All this for a frosty beverage?
Did you hear about the fistfights that broke out near the beer garden at Taste of Edmonds? Neither did I. They never transpired.
But across the field at the same event some Gray Panthers had to be restrained from delivering Stooge Slaps to members of the security team at the wine garden.
Last year the same officious minions sent my wife home to get her personal photo identification.
This year she arrived with driver's license in hand. The guard took one look at it and snapped, "Take off your sun glasses."
We won't get into ages here but the last time my wife was suspected of underage drinking, Dwight Eisenhower was president.
But the gate guard at Taste of Edmonds was suggesting that if she removed her sunglasses it would reveal that the license was counterfeit and quite possibly stolen from one of the Seagals, even though the Seahawks didn't arrive in the Northwest until 1976.
I'm not sure that my wife ever delivered the stooge slap.
But when I had returned to the beer garden with a plate of Scotty's salmon and caesar, another woman of a similarly vintage year was arguing with a guard who was insisting that he was only enforcing rules that are obeyed uniformly in convenience stores and posh resorts from Humptulips to Grand Coulee.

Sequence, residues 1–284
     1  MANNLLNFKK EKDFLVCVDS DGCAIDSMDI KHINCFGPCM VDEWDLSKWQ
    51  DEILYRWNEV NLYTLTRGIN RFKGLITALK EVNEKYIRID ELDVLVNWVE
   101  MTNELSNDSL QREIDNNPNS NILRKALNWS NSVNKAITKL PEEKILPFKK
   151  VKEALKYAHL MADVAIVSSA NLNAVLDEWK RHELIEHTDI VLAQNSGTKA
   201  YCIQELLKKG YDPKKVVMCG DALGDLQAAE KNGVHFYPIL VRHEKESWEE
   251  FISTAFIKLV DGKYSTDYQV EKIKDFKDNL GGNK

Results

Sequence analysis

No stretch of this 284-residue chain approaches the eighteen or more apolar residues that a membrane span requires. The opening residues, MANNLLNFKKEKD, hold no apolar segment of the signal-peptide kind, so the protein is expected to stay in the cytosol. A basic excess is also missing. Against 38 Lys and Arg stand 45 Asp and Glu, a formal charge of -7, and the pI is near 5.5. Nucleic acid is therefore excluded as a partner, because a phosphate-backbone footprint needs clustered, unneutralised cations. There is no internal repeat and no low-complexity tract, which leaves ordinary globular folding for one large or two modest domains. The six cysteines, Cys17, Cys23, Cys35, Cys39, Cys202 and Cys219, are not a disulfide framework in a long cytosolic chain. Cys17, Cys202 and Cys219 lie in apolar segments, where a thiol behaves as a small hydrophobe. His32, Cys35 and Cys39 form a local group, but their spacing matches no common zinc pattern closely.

"Have you ever attended a Mariners' baseball game?" she asked and before he could answer she also wanted to know how many fans attended. "Maybe 25,000? And weren't a lot of them drinking beer? Where did they get it?" she asked and challenged him to assure her that all the beer drinkers were carded by vendors roaming through the stands with trays full of foaming cups.
It would be ridiculous to suggest this was the case . . . almost as ridiculous as a guard at Taste of Edmonds suggesting it was unwise and illegal to serve senior members of the gray panthers a $5 cup of Yakima Valley red.
On that subject, have you heard about the innovative beer salesman at Safeco Field who now invites customers to contact him on their cell phones via Twitter.
He takes their order and notes their seat numbers.
Minutes later he fulfills their order. As Safeco fans can attest, beer orders are often passed down the aisles.
Often they are delivered with the aid of nine year olds who happen to be seated between the aisle and the beer buyer.
So don't tell me, or my wife, that laws concerning liquor sales at public events are all enforced uniformly.
Or would you rather risk a Stooge Slap from a Gray Panther?